Editor's note: the restaurant has since relocated to 8 Extra Place, New York, NY 10003.
Momofuku Ko is the fine dining sibling of Momofuku ("lucky peach") noodle bar, though the name means "son of Momofuku". It is the most ambitious of restaurateur David Chang's small group of restaurants. The first impression of Momofuko Ko is that this is not a place that is trying hard to entice diners. Tucked away next to a cafe in an unprepossessing part of Greenwich Village, I initially walked straight past it. There is just a door and an entrance that appears to be boarded up and covered in chicken wire where a window might more normally be; if the name of the restaurant is printed somewhere on the entrance then I missed it. Inside it is tiny, a 12 seat bar surrounding the kitchen area, with barely enough room for the waiters to squeeze by the diners, who sit on wooden bar stools. I was a little early and was offered a copy of the wine list to browse, but there is no waiting area, just a solitary table between the door and the bar. I asked to sit at the bar to read the wine list but was told by the manageress that "we do not seat diners until the person who made the reservation has appeared" - you what now? Bear in mind that the bar area at this stage only had two guests seated, so our 'table' was ready and unoccupied.
This was just one of many incidents this evening that indicate that this is a restaurant where the customer appears to be tolerated rather than welcomed, a bizarre attitude for any business. Indeed their web site gives plenty of clues in this regard, with one section of the site essentially a list of all the things that diners are not allowed to do, such as try to make a reservation for three people, take pictures of the food or ask for any modification whatsoever to the menu to accommodate pesky vegetarians or indeed pesky pescatorians. It does helpfully list the 150 dollar charge that will be levied if you do not turn up or cancel at short notice.
The wine list itself is not lengthy but does have well-chosen growers, such as wines from JJ Prum and Fritz Haag from Germany. O'Shaughnessy Estate Cabernet Sauvignon was listed at $220 for a wine that costs about $87 retail, but there were plenty of more modestly priced wines, and markups seemed reasonable We opted for the wine pairing, which costs $95 per person. The menu itself was $125 per person. I say menu, but that in itself is an elusive concept here: there is no choice offered, and when I asked if the dishes would be written down received in reply a curt "no". The style of cooking is described as American, though there is clearly a heavy Japanese influence (owner David Chang has Korean heritage).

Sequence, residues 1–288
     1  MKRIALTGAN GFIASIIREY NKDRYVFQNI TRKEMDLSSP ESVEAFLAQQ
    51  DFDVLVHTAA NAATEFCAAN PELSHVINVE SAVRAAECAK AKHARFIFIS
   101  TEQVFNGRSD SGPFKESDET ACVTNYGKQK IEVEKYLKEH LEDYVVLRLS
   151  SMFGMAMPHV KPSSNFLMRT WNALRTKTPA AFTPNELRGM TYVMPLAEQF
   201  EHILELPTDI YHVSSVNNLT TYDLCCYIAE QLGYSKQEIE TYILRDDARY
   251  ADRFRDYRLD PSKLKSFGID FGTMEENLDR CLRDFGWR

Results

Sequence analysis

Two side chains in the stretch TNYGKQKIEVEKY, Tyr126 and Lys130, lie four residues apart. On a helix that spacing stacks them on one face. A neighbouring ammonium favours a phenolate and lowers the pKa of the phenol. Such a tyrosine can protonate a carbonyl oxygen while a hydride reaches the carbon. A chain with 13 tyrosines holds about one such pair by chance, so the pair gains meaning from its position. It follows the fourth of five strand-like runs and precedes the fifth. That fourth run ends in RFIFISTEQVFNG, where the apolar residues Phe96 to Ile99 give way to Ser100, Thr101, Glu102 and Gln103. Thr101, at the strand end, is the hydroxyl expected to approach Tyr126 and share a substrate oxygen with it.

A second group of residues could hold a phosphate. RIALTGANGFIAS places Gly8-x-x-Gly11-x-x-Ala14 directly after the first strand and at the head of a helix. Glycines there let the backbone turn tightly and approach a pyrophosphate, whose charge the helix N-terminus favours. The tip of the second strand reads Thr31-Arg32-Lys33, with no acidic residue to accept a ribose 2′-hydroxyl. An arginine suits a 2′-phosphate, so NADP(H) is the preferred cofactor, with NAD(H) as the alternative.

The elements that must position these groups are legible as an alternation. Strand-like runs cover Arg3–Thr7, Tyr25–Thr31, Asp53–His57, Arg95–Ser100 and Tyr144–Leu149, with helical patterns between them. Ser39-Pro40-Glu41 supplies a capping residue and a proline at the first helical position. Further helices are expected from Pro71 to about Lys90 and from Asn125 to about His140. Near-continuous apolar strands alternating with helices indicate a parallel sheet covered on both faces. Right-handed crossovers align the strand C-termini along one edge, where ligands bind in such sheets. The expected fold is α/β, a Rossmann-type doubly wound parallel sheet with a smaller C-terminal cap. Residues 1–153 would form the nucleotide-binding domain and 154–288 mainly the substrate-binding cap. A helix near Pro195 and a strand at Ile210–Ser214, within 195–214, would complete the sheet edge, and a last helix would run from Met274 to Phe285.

The dishes that appear are handed across the counter by the chefs, with a brief verbal description. In my notes that follow there are undoubtedly some gaps and possibly errors, since at times it was hard to hear the chef's descriptions, and after asking for one description to be repeated was given the kind of look that suggested that this was not a wise thing to ask again.
Some pork rinds appeared at the start of the meal, and had reasonable taste (14/20), though these were not a patch on those of, say, the Sportsman. Next was a grilled maitake mushroom glazed in soy and yuzu, the glaze well balanced and the mushroom accurately cooked (15/20).
Japanese sea bream with whipped buttermilk was good, the fish itself not having the texture that I was expecting (when I have eaten this as sashimi in Japan even the freshest bream can have a certain chewiness about it), and the buttermilk was a good accompaniment (16/20). Mackerel, beets and kombu (seaweed) did not have especially dazzling mackerel, though this is a fish whose flavor is strong enough to stand up to beetroot (15/20). Bone marrow was served on home-made brioche with a Gruyere broth poured over it. The bread was good, and while for me the Gruyere broth could have a little more taste of cheese, it went well with the bone marrow (16/20).
Next was smoked egg, caviar, potato vinegar and fingerling chips. This was very enjoyable, the egg and caviar going together well, the chips providing a texture contrast and the vinegar balancing the richness of the egg (17/20). Cavatelli pasta had good texture, served with beef tongue, horseradish and sauerkraut (16/20).
I was impressed with the next dish of skate with cauliflower, an almond milk foam, water chestnuts and crunchy olives, the fish having excellent flavour; skate is a fish that can be lovely but if it is not of high quality it can be quite unpleasant: here it was very good indeed (18/20).
Foie gras was served with lychees, pine nut brittle and Riesling jelly, all under a coating of crumbs of foie gras torchon that have been salted and frozen. This was a lovely dish, the Riesling providing a flavour balance to the dish, the pine nut giving a little firm texture balance and the foie gras and cheese a lovely, rich flavour (19/20).
The main course was Muscovy duck with braised turnip, turnip leaves and pumpernickel bread. The duck was nicely cooked but this dish was not in the same league as the previous course (16/20). The meal concluded with Japanese peppercorn sorbet and apple soda, which was pleasant but no more than that (15/20).
Overall the cooking level was between 16/20 and 17/20 as an average with a few genuine highlights above this, and a consistently high level of cooking technique. It is hardly cheap at $242 per person, but compared to, say, Masa, I suppose it is a relative bargain. This is certainly some of the more capable cooking in New York, and it is a great shame that they choose to spoil this with ladles of attitude. The Seinfeld episode "the soup Nazi" kept running through my mind throughout the meal.